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The House on Bishop Street

This morning, as I sat in the apartment waiting for the electricians to come switch our wiring over to the building's new system, I decided to read this week's New York Times Sunday Magazine, which focused on new trends in eco-tecture. This article on the history of organic architecture tickled my nostalgic bone. I spent my early childhood growing up in a similar house to the one he describes, with working shutters and a sloping roof, built to conserve energy, to heat and cool itself.

Obviously the six-year-old me never fully appreciated the intrinsic architectural value of growing up in a 125-year-old house, but enough memories were created there to give it a lofty importance. I can remember counting my toes under pale blue bedsheets in the cavernous bedroom I shared with my sister, waiting for my father to come and tuck us in for the night. I recall the cool breeze that shifted across the front porch, where we sat swinging when the first fireflies started to come out at night. In the yard, honeysuckle bushes and dandelions; inside, the smooth banister rising up to the second floor. A shutter supporting a gleaming spiderweb against the hand-skinning rough white of the exterior wall.

A historical record of this house found on my hometown library's website fills the architectural gaps in my memory:

Date(s) or Period: circa 1855
Style or Design: Federal
Foundation Material: rock-faced plain ashlar
Wall Construction: wood frame
Roof Type & Material: gable, wood shingle
No. of Bays: Front 3, Side 4
Wall Treatement: stucco over wood frame
Further Description of Important Features: Symmetrical front (east) facade with one story full facade wooden porch supported by square pillars. Brackets and decorative trim in porch cornice. Trabeated front door - possible original door. Old shutters at all windows that are 1/1 double hung first floor and 2/2 double hung on the second. Inside end chimneys. Plain frieze panel in the cornice.
History and Significance: When the Memorial Presbyterian building was constructed, James R. Patterson had three houses moved from the vicinity of the former church and these now stand on Bishop Street between Church and Withrow.
About ten years ago, my sister and I were walking through the northern part of our town, and decided to pass by the old house. We noticed that the brick patio where we once helped our mother pull weeds, behind which we once grew wild strawberries in ceramic urns, was now paved over, a parking lot for residents' cars. Our dear house had been converted by its current owners into a split-level rental.

We walked up to the front door and rang the bell. I pressed the sides of my hands to the glass and peered inside. The grand hallway from my childhood, with doors leading to the purple room and the yellow room (I remember the rooms of my childhood by the colors of their walls), was now a landing strip for the types of things college students own: bikes, mounds of jackets, backpacks, and running shoes. The doorways to the rooms on either side were sealed shut, completing the division of my former house. No one answered the upstairs bell, which is a shame. I wanted to see if the frosted glass dividing the two upstairs bathrooms was still there. How much our bedrooms had diminished in size from our colossal memory of them. Or if they were even still bedrooms. If the banister still felt the same to my adult hands as it did to me as a child.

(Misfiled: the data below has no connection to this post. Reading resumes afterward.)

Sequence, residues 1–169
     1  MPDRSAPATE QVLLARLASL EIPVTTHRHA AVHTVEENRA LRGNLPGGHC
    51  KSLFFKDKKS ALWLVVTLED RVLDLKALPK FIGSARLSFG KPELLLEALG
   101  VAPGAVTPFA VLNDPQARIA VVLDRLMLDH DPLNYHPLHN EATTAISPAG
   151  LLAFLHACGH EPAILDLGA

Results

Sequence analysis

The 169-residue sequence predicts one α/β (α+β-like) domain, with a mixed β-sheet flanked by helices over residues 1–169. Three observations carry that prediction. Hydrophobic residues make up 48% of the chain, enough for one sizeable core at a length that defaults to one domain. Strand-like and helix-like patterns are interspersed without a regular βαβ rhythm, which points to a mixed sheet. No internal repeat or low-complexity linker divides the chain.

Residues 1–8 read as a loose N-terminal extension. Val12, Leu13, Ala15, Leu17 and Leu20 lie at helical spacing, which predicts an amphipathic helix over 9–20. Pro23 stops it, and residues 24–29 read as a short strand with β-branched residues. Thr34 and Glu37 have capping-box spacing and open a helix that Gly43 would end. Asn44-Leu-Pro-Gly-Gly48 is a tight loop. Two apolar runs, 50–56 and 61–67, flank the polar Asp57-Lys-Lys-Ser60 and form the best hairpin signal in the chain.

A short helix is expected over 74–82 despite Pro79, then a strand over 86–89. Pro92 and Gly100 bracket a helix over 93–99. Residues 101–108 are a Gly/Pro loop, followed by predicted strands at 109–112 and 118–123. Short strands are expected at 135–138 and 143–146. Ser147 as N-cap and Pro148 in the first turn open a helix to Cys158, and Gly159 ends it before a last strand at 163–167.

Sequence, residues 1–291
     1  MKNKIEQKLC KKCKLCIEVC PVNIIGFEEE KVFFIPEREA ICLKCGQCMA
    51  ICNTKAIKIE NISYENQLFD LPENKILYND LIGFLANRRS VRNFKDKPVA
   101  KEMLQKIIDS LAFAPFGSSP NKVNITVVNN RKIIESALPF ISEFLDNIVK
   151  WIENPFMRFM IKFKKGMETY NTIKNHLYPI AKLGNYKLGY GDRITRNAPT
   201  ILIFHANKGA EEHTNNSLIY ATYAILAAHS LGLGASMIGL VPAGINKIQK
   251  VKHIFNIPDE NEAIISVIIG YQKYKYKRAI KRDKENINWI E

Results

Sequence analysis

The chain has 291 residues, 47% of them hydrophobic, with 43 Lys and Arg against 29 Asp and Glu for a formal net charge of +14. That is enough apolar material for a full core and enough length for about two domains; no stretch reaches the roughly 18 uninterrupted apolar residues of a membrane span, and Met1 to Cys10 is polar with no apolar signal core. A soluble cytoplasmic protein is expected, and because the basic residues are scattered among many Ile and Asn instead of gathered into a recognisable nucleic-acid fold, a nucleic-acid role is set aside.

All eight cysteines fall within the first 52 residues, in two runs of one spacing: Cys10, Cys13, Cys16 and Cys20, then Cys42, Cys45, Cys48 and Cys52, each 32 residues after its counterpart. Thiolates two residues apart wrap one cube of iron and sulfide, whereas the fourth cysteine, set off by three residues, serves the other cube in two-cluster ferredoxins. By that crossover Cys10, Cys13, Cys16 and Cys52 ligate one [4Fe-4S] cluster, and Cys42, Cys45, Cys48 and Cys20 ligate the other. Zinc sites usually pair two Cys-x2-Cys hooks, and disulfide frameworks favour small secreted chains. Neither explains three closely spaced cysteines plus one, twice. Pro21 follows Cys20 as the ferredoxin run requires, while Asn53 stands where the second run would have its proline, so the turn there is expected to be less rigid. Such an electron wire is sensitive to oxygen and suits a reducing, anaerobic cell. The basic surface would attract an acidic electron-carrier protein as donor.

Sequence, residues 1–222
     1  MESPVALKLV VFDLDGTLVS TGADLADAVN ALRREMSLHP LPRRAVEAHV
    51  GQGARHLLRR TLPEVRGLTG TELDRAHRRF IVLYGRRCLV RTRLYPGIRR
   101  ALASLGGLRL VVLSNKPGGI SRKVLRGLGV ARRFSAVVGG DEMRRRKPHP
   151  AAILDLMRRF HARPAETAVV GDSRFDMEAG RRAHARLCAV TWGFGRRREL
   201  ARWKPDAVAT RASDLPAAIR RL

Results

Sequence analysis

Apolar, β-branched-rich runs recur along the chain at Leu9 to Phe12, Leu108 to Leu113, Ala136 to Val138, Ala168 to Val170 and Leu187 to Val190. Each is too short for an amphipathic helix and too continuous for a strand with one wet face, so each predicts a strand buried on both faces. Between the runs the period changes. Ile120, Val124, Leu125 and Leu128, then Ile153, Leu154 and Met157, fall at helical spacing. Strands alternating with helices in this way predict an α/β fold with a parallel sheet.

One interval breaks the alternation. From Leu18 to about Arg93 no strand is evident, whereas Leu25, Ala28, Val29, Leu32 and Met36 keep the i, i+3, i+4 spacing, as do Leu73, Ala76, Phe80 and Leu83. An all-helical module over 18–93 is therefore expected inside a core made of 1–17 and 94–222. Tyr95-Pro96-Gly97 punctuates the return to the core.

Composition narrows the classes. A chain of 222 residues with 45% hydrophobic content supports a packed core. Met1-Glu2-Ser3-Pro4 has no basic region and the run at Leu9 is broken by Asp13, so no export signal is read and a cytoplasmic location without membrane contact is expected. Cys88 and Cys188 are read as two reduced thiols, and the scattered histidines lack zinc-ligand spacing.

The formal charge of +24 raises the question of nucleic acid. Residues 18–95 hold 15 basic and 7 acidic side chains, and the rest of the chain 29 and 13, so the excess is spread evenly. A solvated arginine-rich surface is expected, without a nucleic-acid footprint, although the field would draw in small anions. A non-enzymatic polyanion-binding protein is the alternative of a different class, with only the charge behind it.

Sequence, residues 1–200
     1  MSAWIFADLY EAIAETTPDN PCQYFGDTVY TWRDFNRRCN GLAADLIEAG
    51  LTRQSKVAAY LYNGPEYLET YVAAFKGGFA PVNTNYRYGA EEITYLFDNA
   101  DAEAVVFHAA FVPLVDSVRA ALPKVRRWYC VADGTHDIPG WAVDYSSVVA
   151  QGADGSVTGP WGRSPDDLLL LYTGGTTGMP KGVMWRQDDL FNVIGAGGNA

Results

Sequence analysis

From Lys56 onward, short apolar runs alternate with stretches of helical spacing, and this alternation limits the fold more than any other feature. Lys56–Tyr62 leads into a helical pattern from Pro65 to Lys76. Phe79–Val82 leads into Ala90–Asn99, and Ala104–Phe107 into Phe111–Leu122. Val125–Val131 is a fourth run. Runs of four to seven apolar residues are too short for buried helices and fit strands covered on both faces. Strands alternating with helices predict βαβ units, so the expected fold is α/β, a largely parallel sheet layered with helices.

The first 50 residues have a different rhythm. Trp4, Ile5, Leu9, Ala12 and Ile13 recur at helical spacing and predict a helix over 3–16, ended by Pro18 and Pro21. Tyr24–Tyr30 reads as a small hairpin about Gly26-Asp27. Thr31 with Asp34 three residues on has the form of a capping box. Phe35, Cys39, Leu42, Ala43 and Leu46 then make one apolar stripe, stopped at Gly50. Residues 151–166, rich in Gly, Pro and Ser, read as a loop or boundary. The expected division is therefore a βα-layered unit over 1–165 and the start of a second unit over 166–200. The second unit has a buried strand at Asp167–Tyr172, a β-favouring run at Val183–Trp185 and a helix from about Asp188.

We went round to the back and decided to try our luck downstairs. A college kid in athletic shorts answered the door, and after a quick explanation of who we were and why we wanted to see the house, he ushered us inside.

"Has it changed?" he asked us.

What an innocent and loaded question. We were standing in our former playroom, where we once drew pictures with crayons on sleek beige drawing paper illuminated by the glow of the sun ricocheting off yellow walls. It was now littered with beer cans and primary colored plastic cups. They'd had a party the night before, and the carpet, once a vibrant and youthful orange, now seemed to be sighing with old age beneath our feet. A partially-filled giant gray utility garbage can evidenced a half-hearted attempt at clean-up. One wall was covered with a poster calendar: Coors. The smell of college boys was thick in the air — cologne deodorants and gym socks.

If only we could have wrenched open the shutters again, thrown up the sash and let the wind carry dandelion seeds in through the window, the scent of the honeysuckle trees, the dormant strawberries. If only we could seed the yard again with a blue plastic swingset and green garden hose, bubbles from a pink wand. If only our youth could reinfect places. If only we could build these places in our memory again, like repurposing old houses to do what they once did best. A house that was meant to heat itself, to cool itself; a house that was meant to raise children.

I would have thrown open that window, torn down the poster from the wall. I would have restored my childhood to that space. An organic childhood. Not in today's sense of the word ("children can only be happy if they're raised on chickens that were also happy") but the old sense: a childhood built from the ground up, day-by-day, with balogna sandwiches and whole milk, by parents who did their best to furnish each room of our impressionable minds with whatever we might need for the unforeseeable future.

Date(s) or Period: circa 1976
Style or Design: Female
Foundation Material: Scotch-Irish, German, Welsh
Wall Construction: bone frame supported by two loving parents
Roof Type & Material: a good head on her shoulders
Further Description of Important Features: Retains layers of memory like wallpaper. Sometimes asymmetrical and impatient. Gutted and restored in 1997; extension currently under construction.

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